CMD1D; CMH2; CMPD2; LVNC6; RCM3; TnTC; cTnT
The TNNT2 gene is associated with autosomal dominant hypertrophic cardiomyopathy (HCM) (MedGen UID: 183649), dilated cardiomyopathy (DCM) (MedGen UID: 2880), restrictive cardiomyopathy (RCM) (MedGen UID: 382807), and left ventricular noncompaction cardiomyopathy (LVNC) (MedGen UID: 349005).
Order this gene as a single gene test.
Invitae tests that include this gene:
Pathogenic TNNT2 variants are associated with 3% of clinical cases of HCM and 2%-3% of clinical DCM cases and are a rare cause of LVNC.
The TNNT2 gene encodes the protein troponin T, cardiac muscle. Troponin T is part of the sarcomere complex, which is present in both cardiac and skeletal muscle cells. The primary role of the sarcomere complex is muscle contraction. Pathogenic variants in genes that encode sarcomere proteins are a common cause of inherited cardiomyopathies.
Invitae is a College of American Pathologists (CAP)-accredited and Clinical Laboratory Improvement Amendments (CLIA)-certified clinical diagnostic laboratory performing full-gene sequencing and deletion/duplication analysis using next-generation sequencing technology (NGS).
Our sequence analysis covers clinically important regions of each gene, including coding exons, +/- 10 base pairs of adjacent intronic sequence in the transcript listed below. In addition, analysis covers the select non-coding variants specifically defined in the table below. Any variants that fall outside these regions are not analyzed. Any specific limitations in the analysis of these genes are also listed in the table below.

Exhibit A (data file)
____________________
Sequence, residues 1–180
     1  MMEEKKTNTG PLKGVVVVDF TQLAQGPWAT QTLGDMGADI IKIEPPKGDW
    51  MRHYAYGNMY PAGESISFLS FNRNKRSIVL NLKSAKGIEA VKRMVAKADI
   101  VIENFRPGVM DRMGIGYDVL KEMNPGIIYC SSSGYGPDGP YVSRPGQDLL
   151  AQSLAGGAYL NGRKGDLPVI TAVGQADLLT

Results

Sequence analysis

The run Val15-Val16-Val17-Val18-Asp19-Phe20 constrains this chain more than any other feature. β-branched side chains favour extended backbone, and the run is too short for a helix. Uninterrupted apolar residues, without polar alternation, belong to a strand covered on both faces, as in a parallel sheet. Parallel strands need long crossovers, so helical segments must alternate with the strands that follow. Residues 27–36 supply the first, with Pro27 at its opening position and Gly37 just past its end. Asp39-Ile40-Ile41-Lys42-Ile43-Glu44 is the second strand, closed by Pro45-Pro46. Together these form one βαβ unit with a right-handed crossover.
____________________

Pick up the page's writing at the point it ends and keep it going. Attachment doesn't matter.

Our analysis detects most intragenic deletions and duplications at single exon resolution. However, in rare situations, single-exon copy number events may not be analyzed due to inherent sequence properties or isolated reduction in data quality. If you are requesting the detection of a specific single-exon copy number variation, please contact Client Services before placing your order.
|Gene||Transcript reference||Sequencing analysis||Deletion/Duplication analysis|